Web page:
Running a marathon is a big deal. Whether it is your first time participating in a marathon or your fiftieth, there is a lot that goes into preparation for the race. If you want to do your best, be careful not to omit any essential steps when preparing to run your marathon.
Plan Your Meals
Plan what you eat the night before, the morning of, and during the day of. Following several guidelines for food intake the day before and day of your race will help you maintain better energy as you run.
The night before your race, eat a familiar and enjoyable meal that is rich in carbohydrates. This could include, for example, pasta, rice, bread, or potatoes. Stocking your body with carbohydrates will help you reduce your risk of fatigue during your race. Just be careful not to eat too close to bedtime; allow yourself time to fully digest before going to sleep.
Eat a carbohydrates-filled breakfast, like porridge, toast, cereal, or bagels, the morning of the big race. Stick to foods you’re used to eating, and reduce your intake of fat and fiber. Be sure to hydrate yourself before and during the race, and fuel yourself with more carbs throughout the run. When you’re finished, celebrate your accomplishment with another carb-loaded meal and some protein.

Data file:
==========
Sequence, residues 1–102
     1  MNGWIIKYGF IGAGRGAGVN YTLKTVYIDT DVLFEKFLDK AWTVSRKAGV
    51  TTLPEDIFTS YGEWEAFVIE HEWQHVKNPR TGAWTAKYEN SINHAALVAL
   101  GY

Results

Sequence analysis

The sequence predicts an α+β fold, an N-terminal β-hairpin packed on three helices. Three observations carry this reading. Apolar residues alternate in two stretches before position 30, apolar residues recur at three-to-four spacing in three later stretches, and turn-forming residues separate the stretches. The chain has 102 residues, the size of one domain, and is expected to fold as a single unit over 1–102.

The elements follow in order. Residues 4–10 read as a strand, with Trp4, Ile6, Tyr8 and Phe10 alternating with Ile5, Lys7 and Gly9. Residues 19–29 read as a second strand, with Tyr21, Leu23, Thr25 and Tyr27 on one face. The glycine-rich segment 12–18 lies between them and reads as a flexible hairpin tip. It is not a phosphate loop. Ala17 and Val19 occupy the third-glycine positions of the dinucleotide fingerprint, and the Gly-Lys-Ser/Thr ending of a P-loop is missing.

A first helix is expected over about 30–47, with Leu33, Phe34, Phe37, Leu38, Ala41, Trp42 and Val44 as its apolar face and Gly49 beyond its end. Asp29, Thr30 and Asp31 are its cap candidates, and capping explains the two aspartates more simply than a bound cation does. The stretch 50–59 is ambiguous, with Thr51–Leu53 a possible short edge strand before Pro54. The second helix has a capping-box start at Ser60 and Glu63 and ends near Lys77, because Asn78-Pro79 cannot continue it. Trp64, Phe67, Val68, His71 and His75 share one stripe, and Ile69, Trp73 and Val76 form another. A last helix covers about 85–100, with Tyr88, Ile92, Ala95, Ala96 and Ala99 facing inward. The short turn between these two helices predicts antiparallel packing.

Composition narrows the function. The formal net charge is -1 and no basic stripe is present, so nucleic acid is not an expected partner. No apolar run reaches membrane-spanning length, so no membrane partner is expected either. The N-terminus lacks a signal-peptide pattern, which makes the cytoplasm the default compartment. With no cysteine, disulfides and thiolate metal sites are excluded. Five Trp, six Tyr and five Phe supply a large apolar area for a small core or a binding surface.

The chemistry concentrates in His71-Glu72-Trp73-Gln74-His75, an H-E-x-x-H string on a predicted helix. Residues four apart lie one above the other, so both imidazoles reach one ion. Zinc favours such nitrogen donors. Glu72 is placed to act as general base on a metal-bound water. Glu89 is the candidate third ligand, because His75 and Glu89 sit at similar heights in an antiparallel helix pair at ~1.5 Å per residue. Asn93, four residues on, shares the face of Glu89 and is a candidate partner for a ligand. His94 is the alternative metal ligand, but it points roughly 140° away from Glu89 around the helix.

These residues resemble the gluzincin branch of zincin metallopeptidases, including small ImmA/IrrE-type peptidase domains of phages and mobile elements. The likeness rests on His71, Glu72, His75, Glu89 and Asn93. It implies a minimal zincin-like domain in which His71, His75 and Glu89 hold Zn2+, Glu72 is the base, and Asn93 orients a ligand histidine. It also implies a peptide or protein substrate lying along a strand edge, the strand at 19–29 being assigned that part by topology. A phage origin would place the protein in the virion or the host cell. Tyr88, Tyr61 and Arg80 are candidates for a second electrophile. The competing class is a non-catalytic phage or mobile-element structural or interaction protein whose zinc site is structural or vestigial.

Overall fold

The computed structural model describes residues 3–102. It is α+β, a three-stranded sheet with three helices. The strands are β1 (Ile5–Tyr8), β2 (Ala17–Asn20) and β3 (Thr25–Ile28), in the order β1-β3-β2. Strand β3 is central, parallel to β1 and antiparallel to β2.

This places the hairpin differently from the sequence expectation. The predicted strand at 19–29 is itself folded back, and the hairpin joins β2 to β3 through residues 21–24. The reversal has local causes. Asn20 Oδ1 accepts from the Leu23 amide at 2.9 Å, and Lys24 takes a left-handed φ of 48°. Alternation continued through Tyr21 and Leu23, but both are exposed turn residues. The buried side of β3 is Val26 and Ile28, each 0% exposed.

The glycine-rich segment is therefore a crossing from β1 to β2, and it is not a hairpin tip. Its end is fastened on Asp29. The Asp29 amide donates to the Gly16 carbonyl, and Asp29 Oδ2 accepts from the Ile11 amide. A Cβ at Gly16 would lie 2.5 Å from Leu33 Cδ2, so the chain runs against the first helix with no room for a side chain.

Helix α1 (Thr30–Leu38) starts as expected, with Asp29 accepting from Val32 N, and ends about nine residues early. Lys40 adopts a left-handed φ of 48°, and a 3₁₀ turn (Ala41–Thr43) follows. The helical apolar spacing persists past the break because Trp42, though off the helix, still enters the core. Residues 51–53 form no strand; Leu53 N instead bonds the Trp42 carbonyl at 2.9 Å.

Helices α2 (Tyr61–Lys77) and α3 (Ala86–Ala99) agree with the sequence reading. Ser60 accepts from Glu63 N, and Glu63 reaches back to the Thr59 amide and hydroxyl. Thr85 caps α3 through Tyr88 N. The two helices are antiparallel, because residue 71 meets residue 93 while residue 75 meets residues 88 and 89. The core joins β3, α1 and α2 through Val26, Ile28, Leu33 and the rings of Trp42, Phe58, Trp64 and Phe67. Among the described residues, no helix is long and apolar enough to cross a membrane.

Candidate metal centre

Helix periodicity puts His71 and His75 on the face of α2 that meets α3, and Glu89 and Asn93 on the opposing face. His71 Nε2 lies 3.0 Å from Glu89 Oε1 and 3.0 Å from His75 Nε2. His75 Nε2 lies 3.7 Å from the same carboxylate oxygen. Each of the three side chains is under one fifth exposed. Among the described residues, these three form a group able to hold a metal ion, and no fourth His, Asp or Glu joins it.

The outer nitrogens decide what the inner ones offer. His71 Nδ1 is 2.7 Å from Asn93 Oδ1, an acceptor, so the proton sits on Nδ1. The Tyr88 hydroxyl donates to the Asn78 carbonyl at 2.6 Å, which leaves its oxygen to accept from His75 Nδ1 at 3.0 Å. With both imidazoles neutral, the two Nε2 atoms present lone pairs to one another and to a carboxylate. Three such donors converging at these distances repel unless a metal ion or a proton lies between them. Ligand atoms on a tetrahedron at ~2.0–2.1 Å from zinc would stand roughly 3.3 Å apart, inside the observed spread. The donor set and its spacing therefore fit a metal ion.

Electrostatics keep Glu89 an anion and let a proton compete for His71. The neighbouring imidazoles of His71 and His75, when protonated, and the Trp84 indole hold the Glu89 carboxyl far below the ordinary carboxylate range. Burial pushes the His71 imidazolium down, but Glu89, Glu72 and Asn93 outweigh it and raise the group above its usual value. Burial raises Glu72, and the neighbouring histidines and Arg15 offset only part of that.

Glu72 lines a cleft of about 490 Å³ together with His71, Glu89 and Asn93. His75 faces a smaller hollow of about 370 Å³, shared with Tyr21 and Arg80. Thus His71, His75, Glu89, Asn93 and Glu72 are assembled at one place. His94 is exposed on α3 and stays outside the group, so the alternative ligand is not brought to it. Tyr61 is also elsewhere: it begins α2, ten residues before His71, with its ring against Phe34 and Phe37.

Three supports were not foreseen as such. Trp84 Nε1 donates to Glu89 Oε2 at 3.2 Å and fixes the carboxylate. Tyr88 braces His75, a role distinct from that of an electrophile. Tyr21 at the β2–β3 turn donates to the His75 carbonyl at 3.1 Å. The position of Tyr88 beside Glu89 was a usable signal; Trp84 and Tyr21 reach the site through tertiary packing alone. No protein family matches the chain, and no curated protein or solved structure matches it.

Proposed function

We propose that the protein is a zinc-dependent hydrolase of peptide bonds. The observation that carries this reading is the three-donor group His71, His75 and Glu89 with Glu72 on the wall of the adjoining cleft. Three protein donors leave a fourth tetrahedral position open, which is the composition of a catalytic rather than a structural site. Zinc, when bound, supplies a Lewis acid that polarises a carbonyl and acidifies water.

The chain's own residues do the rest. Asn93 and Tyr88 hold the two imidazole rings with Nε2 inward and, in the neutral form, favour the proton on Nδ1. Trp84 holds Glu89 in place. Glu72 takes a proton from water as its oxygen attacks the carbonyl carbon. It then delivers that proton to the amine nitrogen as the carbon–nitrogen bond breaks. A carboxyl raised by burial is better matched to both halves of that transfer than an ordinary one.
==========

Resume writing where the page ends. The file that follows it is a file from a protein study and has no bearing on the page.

Get Quality Sleep
It is essential that you get quality sleep before racing. Develop a relaxing bedtime routine in order to prepare your body to go to bed, including a warm shower, gentle stretching, and/or deep breathing exercises. Avoid engaging with screens and set your room to a temperature that is conducive to sleep—ideally, about 65 degrees.
Your mattress plays a large role in making good sleep possible. Invest in a comfortable mattress. If your mattress shows signs of wear—such as sagging, stains, lumps, or creaks—look into replacing it. Frequently, beds have a shorter optimal lifespan than the warranty says. Most mattresses’ optimal lifespan is around seven to ten years.
Before your marathon, make sure you warm up. Get up at least two and a half hours before the start of your race and go for a short “shakeout” run. Jog for about ten minutes—and don’t try to run fast. Go slowly. Then do some light stretching in order to get your body ready for what is to come. This warm up will stimulate your nervous system, get your blood flowing, and calm any nerves you may have.
Once you’ve run your marathon, you will be glad you took the time and planned ahead in order to be properly prepared for the race. Getting the right fuel, the best possible sleep, and an appropriate warm up can be the difference between a difficult and unenjoyable race, and a triumph.
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